What is the future for the ash tree in Britain and why does it matter?
There are over 150 million ash trees in Britain and they are the most populous tree in the Kent Downs AONB. From a practical and ecological perspective, ash trees play several important roles: they help with flood defences; contribute to air quality and provide a habitat, food and life support for almost 1,000 wildlife species.
They are also important to our cultural heritage. The significance of ash trees is reflected in numerous English place names including Ashford (Kent), Ashby de la Zouch (Leicestershire), Askrigg (North Yorkshire), Knotty Ash (Merseyside) and the Ashdown Forest (East Sussex) - where A.A. Milne set the Winnie the Pooh stories.
In folklore, ash trees were thought to ward off evil spirits and have healing properties. Stories of sick children being passed through a cleft in the tree to cure them are recorded as late as the turn of the twentieth century.
For the Vikings, the ash was Yggdrasil, the World Tree, and it lay at the heart of their mythology and beliefs. The roots were said to reach down into the underworld, while the trunk reached up to heaven and the boughs spread out over the earth. A deer fed on its leaves and from its antlers flowed all the world's great rivers.
More recently, the war poet Edward Thomas celebrated them in poems including The Ash Grove and naturalist Roger Deakin eulogised the ash in his book Wildwood. The artist John Constable painted his favourite ash on Hampstead Heath while David Hockney’s recent canvases of the Yorkshire Wolds show a landscape populated with ash trees.
Yet due to the spread of a disease known as ash dieback, most of these trees will soon disappear from our landscapes and our lives. First recognised in Britain in 2012 from a batch of infected trees sent from the Netherlands, the disease has since spread, locally through spores carried on the wind or from transported logs and leaves.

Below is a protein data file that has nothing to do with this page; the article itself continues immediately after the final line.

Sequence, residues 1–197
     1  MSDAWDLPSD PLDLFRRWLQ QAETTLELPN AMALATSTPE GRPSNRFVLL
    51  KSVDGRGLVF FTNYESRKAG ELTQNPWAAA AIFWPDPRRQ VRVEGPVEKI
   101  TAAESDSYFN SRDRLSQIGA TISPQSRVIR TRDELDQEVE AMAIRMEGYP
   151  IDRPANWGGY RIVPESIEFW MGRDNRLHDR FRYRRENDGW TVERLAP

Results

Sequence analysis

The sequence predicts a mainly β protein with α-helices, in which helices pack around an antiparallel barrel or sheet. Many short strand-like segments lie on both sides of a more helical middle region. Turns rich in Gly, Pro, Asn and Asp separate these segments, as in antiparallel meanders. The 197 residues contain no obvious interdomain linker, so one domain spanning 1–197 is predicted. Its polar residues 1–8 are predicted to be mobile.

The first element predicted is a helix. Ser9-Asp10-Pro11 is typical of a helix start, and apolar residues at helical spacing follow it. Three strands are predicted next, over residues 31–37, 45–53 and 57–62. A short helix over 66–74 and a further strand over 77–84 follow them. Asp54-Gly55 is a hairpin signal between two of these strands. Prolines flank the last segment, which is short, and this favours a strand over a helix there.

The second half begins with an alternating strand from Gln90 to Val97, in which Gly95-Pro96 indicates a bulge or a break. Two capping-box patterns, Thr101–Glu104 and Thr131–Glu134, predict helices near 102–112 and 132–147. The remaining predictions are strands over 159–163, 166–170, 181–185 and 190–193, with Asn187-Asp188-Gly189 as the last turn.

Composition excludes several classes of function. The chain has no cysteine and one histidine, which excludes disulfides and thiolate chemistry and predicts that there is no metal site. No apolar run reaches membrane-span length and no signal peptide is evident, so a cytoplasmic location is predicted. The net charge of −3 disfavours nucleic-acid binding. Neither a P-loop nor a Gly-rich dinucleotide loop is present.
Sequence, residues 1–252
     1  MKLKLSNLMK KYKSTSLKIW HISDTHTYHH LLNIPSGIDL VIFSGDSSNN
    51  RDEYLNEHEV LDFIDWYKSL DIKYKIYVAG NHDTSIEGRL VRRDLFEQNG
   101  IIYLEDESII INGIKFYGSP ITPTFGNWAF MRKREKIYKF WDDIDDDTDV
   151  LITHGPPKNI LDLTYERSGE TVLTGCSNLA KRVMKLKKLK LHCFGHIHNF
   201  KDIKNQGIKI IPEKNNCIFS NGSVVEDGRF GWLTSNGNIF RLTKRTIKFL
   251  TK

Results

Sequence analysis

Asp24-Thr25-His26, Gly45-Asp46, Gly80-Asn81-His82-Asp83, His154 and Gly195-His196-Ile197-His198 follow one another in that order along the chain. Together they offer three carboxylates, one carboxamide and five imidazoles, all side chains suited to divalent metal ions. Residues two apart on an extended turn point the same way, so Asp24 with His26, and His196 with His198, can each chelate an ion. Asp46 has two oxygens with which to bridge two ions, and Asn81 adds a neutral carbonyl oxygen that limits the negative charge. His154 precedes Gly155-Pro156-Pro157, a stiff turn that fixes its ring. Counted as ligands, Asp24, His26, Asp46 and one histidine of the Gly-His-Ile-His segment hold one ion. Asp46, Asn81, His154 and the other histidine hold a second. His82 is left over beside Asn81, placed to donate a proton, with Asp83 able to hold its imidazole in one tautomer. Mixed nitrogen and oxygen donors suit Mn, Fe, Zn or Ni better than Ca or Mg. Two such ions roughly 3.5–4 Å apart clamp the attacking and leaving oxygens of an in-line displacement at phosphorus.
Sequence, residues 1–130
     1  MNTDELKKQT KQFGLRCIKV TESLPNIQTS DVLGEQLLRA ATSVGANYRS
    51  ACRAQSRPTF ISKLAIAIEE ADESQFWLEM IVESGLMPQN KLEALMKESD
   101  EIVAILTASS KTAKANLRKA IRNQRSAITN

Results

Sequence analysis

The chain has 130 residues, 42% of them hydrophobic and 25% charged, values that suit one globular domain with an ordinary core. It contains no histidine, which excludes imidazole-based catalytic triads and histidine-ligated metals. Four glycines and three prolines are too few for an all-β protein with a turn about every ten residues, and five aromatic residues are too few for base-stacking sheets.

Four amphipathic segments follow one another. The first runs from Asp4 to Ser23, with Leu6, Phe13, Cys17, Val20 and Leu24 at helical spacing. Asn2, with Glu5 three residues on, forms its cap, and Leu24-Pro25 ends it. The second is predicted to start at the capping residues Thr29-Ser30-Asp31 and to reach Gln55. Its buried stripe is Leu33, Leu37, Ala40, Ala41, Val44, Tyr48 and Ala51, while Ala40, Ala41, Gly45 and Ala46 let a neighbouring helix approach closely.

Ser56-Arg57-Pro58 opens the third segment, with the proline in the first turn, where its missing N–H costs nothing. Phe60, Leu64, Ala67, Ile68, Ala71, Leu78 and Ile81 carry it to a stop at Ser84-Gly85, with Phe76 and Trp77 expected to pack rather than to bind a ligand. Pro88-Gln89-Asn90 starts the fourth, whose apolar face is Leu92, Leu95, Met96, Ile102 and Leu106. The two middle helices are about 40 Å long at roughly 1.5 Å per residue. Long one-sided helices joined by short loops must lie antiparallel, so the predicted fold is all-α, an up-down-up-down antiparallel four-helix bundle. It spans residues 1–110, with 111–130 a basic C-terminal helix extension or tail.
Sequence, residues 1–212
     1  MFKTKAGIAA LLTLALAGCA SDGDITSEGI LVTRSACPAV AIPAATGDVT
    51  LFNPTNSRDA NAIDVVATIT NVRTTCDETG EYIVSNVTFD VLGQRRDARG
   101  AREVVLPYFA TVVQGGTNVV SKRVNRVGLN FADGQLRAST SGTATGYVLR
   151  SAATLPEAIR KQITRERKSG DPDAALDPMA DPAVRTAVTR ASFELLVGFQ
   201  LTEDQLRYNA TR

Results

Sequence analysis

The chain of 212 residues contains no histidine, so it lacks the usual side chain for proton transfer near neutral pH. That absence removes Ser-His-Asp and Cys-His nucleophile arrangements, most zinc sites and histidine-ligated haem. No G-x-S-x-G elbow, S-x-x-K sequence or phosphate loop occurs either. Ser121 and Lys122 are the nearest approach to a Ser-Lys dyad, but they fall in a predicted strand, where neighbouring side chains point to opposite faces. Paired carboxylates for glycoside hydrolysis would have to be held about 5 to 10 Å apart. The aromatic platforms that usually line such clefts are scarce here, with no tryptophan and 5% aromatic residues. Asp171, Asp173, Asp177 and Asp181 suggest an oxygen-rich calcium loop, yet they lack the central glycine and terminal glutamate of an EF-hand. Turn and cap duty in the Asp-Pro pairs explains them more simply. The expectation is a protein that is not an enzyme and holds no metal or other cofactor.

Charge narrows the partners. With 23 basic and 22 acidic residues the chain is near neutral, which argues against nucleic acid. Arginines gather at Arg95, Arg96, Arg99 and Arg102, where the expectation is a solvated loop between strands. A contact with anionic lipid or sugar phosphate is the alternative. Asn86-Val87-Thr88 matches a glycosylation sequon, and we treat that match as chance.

The devastating rate of ash tree decline is caused by a fungus. In summer it attacks the leaves and produces spores. These are spread around the tree by wind and rain, causing more infections. The fungus attacks the crown (top) of the tree, which loses leaves, then eventually stops budding and dies.
At the moment, the scale of the ecological impact is unknown. So while the ash is part of our past and present, is it part of our future?
If you have memories of ash trees, want to help with tree planting programmes or to find out more, visit the Ash Project.
How to spot an ash tree
In Spring, ash flowers appear from black buds, the flowers are purple, green and yellow and small clusters of leaves begin to appear.
In Summer, ash trees are in full leaf. Leaves are made up of small leaflets on either side of a long stem. There are 9 – 13 leaflets in pairs with one at the end. The leaflets are pointed and toothed, with hairs on the lower surface. Female trees will have large bunches of ash keys (seeds) that hang from the branches in clumps.
In Autumn, ash trees are amongst the first trees to lose their leaves. The leaves often fall while still green, but they may yellow slightly before falling. Ash keys fall from the tree in winter and early spring, and are dispersed by birds and mammals.
In Winter, ash trees are identifiable by their thick curving, grey twigs in opposite pairs and the small black velvety buds that appear at the ends. Ash bark is pale grey and is increasingly host to a variety of lichen.